Daily | Venice 2016 | Mel Gibson’s HACKSAW RIDGE

As a machine-tooled vehicle for Mel Gibson’s directorial comeback, Hacksaw Ridge couldn’t be more perfect,” declares Andrew Pulver in the Guardian. “A study of a second world war conscientious objector who demonstrated extreme bravery under enemy fire (and won the Medal of Honor), the film allows Gibson to identify himself with a tough guy of considerable moral virtue, someone who has gone through their own modern Calvary, taken the punishment, and come through the other side relatively unscathed. And the foundation for all this? An unswerving commitment to a little-understood corner of the Christian faith (in this case, Seventh Day Adventism), which triggers—in order—bafflement, ridicule, and finally respect.”

“On some not-so-hard-to-read level, the film is conceived and presented as an act of atonement,” suggests Variety‘s Owen Gleiberman. “The film takes its title from a patch of battleground in Japan, at the top of a 100-foot cliff, that’s all mud and branches and bunkers and foxholes, and where the fight, when it arrives (one hour into the movie), is cataclysmic in the terrifying shock and gruesomeness of its horror.” And “at the center of this modern hell of machine-tooled chaos and pain, there is Desmond Doss (Andrew Garfield), a soldier who refuses to carry a gun because it is against his values. He’s a conscientious objector who acts as a medic…. He’s on the front lines, in the thick of it, without a weapon to protect him, and the film exalts not just his courage but his whole withdrawal from violence.”

Hacksaw Ridge “extols pacifism with one hand while making war brutally exciting with the other,” finds Alonso Duralde at TheWrap. “One can imagine a version of this film being made in the 40s or 50s (complete with a tag line like ‘The Soldier They Called “Coward”… Was the Bravest of Them All!’), but then we’d be deprived of the crazily over-the-top ultra-gore and ultra-violence of Gibson’s vision. To its credit, the battle sequences in Hacksaw Ridge are breathlessly kinetic, with soldiers getting randomly mowed down from all sides at completely unexpected moments. For all of the thrills and brilliantly paced carnage, the bloodshed is sometimes so exhilaratingly overdone that it’s like watching a blood-soaked Monty Python sketch. Still, working with editor John Gilbert (The Bank Job) and cinematographer Simon Duggan (Warcraft), Gibson has created some of the most breathtakingly exciting wartime footage in recent memory.”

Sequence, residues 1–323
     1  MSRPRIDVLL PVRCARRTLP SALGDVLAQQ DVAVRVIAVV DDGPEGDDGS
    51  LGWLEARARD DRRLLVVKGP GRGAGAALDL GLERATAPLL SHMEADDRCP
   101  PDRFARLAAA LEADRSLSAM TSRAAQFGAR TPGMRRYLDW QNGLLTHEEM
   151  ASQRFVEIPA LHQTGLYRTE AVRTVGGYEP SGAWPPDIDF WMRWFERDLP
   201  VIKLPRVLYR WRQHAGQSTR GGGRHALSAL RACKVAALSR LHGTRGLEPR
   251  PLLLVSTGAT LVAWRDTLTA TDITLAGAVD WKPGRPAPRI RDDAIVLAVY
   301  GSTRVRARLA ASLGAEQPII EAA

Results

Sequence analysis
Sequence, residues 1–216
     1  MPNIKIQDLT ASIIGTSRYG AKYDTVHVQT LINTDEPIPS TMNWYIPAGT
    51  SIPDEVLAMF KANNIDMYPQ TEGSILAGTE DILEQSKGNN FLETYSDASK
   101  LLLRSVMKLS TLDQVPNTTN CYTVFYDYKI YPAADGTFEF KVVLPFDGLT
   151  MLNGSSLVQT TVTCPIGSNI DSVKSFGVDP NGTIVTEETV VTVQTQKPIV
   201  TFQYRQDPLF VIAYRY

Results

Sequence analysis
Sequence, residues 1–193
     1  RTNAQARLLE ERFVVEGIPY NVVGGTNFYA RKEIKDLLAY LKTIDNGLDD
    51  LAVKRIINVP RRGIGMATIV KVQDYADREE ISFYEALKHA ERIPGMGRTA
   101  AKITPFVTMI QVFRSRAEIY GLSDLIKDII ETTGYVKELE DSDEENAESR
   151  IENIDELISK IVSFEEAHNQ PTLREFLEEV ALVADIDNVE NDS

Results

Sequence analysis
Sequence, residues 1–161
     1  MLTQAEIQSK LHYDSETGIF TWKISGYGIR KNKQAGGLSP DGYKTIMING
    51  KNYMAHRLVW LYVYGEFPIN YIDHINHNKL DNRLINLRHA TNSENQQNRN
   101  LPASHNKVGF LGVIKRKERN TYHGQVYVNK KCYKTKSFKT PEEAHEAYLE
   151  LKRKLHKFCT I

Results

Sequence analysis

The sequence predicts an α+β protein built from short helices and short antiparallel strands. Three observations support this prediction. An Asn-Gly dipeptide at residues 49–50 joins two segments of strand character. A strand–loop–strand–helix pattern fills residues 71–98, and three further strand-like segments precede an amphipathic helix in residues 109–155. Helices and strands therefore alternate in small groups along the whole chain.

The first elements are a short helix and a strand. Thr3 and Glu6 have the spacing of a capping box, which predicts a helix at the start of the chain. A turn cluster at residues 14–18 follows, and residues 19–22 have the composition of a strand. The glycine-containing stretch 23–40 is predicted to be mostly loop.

These scenes “are a staggering example of controlled operatic violence,” agrees Rory O’Connor at the Film Stage, “something in between the surrealist horror of Tsukamoto’s Fire on the Plain and the poetic grit of Saving Private Ryan. The dizzying common thread of almost all of Gibson’s films has been his ability to shoehorn his pious Christianity into such scenes of utter madness…. Hacksaw Ridge is a riveting, maddening, and singular return for the director.”

For the Hollywood Reporter‘s David Rooney, “the film’s firm anchor, its moral compass and its considerable heart is Garfield, inhabiting his frontline position as both character and performer with extraordinary fortitude and grace.”

“It’s been a while since we’ve seen a war movie this one-sided, this unconcerned with acknowledging the humanity of the combatants on both sides,” writes Jessica Kiang at The Playlist. “Even more fundamentally, there’s the thorny question of what this ‘true story’ leaves out, because no true story can ever be the whole truth. No matter how much one’s personal principles may line up with those of Doss, there are incredibly difficult moral quandaries his admirable stance sets up, but the film does not contend with any of those.” In the end, “this tale of real-life heroism seems less a celebration of humanist convictions than a glorification of religious intransigence and a declaration of the moral superiority of the faithful over the faithless.”